A hitman has four hours to get a body across town; he just needs to get it back. This is the premise of the first episode in Hulu’s Into the Dark series, an anthology horror show themed around the holiday of each month. “The Body”, its inaugural episode airing on October 5th, finds Wilkes (Tom Bateman) trying to get an assassinated target to a specific location at 2 a.m. during Halloween evening. He’s mistaken as a man in a hitman costume rather than the real thing and finds himself stuck at a party with the body in search of transport. This is where he meets Maggie (Rebecca Rittenhouse), who helps Wilkes as a few kids steal the body once they realize it’s not a prop.
For “The Body”, it’s a feature-length episode rich with pop culture references and characters in way over their heads, making bad decisions and falling prey to a night of horrors. Some are strangely adept at their new circumstances, like Rittenhouse’s Maggie, nearly wild-eyed and enjoying the madness the night has provided her. Dorothy (Aurora Perrineau), Allan (David Hull), and Jack (Ray Santiago), the three who have stolen the body, are a tough group to actively enjoy, having lived rich and entitled and treating this as their first ever problem in life (which actually comes out as a line of dialogue, by chance). Their side of the story doesn’t always add up but does find some fun in the process during the third act (and a pretty good Breaking Bad reference).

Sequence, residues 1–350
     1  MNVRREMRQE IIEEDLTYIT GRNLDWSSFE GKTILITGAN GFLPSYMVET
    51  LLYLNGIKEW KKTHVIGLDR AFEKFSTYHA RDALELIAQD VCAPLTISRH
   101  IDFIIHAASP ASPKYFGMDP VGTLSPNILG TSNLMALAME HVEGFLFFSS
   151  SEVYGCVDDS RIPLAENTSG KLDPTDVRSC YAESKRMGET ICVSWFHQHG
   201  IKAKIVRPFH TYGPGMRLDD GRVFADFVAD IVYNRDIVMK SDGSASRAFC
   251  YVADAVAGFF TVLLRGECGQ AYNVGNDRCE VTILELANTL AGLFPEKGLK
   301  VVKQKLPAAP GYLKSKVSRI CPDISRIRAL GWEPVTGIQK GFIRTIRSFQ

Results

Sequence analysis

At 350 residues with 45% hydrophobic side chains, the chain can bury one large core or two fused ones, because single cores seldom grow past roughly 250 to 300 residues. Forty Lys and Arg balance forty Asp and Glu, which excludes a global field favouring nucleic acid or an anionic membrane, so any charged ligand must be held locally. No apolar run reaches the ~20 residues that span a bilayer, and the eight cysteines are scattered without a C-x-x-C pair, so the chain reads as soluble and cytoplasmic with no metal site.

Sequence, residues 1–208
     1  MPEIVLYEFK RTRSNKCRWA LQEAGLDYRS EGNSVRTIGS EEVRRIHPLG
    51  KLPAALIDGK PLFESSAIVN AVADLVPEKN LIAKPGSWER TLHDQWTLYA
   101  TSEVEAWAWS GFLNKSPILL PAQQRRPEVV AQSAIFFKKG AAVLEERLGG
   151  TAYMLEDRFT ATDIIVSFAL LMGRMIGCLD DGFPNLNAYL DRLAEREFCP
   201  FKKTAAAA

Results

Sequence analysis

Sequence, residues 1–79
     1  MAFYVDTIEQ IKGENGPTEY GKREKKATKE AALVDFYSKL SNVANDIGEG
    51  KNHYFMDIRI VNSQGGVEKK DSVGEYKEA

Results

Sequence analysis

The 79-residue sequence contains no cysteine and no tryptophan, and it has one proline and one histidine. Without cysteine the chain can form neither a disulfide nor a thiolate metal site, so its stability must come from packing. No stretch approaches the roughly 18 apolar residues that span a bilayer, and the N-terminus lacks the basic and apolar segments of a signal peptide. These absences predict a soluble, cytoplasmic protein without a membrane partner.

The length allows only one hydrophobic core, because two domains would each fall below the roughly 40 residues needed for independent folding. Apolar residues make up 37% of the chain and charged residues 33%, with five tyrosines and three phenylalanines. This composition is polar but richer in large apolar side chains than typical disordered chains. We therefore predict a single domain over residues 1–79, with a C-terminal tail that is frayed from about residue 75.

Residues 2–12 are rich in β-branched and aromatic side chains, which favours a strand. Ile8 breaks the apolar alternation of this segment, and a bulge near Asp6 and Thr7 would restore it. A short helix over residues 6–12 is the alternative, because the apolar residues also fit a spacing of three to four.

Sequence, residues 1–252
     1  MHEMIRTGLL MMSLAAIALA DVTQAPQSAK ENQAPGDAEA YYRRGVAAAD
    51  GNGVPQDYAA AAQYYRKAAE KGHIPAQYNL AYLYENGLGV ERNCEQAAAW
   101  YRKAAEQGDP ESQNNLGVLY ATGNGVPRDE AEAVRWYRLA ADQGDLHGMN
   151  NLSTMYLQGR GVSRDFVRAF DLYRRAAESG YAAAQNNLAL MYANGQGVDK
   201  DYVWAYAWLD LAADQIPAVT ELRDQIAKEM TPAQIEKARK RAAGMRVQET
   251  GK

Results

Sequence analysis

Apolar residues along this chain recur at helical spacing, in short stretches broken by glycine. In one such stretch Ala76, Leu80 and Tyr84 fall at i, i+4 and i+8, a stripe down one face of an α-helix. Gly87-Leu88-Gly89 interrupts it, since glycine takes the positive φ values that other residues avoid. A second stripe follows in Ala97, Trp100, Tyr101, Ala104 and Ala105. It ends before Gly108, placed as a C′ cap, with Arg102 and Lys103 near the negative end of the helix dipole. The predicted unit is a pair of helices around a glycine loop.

It’s in the pairing of Wilkes and Maggie that “The Body” finds its most charm, an odd couple tied together for an evening, where Maggie’s worldview comes crashing down while she finds something she loves. Rittenhouse is the major star of the episode, always a joy to watch.
The bloodshed is done in a comical fashion, played with a suddenness and a wink and a nod. The third act turns into a slasher, using its final location in clever but familiar ways. The show has comedic beats, some working, some not working, and it’s a fun little game of seeing Halloween costumes from beloved films in the background and foreground. The episode is philosophical at times, cluing in on the characters and their views on modern society. It’s a whole lot of cynicism, in most cases, and understandably so, based on Wilkes’ killing machine mentality and Maggie’s glazed over view of normalcy and the need for something more.
This all leads to an episode of television about women empowerment, as both Maggie and Dorothy are the brains of both parties. “The Body” makes due with both characters standing out above the rest, and they help elevate their respective narratives, but the remainder around them leaves a little to be desired. It’s a nice, quick slasher flick in television form, with lots of stabbing and enjoyable to watch. It’s a little lackluster as the start of a monthly anthology series, but there could be something here if it doesn’t punch too high above its weight.
Into the Dark is available monthly on Hulu. “The Body” airs October 5th.